Conservatives split on whether May should sack Johnson or Hammond

Former Secretary of State for Defence Philip Hammond Meets Troops in Afghanistan

Conservative MPs are split between Brexiters who want Philip Hammond sacked and remainers who would like to see Boris Johnson out of a job, but believe the prime minister may be too weak to get rid of either of them in a reshuffle in the coming weeks.

In conversations with dozens of Tories, the Guardian found MPs divided along their views on the EU referendum over whether they would like to see Johnson or Hammond given the boot.

Theresa May has hinted she could conduct a reshuffle after her trip to Brussels at the end of next week, as she comes under pressure from new MPs in her party to bring fresh talent into the cabinet after a moribund Conservative party conference.

Since then, a handful of remainers, including Anna Soubry and Nicky Morgan, have called for Johnson to lose his job over his interventions setting out his own personal blueprint for an optimistic Brexit. On the other side, leavers including Nigel Lawson and Nadine Dorries have urged May to get rid of the chancellor for being too gloomy.

Those views are widely echoed by MPs in private, but allies of Hammond believe the backlash against him in recent days has partly been whipped up by staunch Brexiters hoping to shoring up Johnson’s position, since the prime minister is unlikely to sack both her chancellor and foreign secretary.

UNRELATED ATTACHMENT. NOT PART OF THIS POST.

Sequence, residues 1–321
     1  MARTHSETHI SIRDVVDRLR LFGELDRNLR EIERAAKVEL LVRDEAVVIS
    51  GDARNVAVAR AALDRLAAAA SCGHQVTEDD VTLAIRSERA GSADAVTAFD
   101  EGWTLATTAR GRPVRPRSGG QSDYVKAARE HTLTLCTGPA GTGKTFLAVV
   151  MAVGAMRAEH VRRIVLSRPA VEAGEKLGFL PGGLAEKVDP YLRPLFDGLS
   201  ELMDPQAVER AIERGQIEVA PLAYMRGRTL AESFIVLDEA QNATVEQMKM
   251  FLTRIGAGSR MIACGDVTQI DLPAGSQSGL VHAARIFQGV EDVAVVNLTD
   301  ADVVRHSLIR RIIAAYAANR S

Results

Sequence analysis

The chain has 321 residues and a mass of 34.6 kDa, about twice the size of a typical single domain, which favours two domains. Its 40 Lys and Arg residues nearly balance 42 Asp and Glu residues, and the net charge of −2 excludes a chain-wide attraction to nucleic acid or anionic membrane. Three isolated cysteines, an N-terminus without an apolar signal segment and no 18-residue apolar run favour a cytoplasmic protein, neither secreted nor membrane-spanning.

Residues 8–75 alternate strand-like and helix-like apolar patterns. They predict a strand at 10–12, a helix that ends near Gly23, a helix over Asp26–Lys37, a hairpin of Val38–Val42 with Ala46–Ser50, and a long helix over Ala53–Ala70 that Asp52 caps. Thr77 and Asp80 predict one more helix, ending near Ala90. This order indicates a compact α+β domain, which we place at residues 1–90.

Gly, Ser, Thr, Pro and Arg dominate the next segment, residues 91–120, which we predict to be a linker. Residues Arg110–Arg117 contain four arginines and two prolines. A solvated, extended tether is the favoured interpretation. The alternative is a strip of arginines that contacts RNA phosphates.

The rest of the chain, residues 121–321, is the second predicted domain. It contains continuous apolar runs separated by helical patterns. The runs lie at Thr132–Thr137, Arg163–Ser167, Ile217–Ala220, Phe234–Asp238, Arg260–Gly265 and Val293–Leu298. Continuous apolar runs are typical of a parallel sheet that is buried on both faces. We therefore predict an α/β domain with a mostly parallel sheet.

“You now can’t sack Johnson without causing an almighty row with the Brexit supporters if you don’t sack Hammond. If we’re honest, both have been undermining the prime minister as much as the other,” said one former Conservative minister who backed remain.

He said May was probably only one crisis away from having to step down anyway, with some believing she could go before Christmas after the disastrous conference. But if she was clever, he said, she could try to stave off her departure by filling a cabinet and junior ministerial ranks with ambitious loyalists who owe their positions to her patronage.

The opinions of both the Johnson and Hammond camps in parliament are entrenched. “If you listen to what Hammond says, he is just speaking what he thinks but if the Brexiters hear half a sentence they don’t like, they just jump on it immediately and try and blame it on a remainer. It’s just pathetic,” said one Tory MP on the remain wing of the party.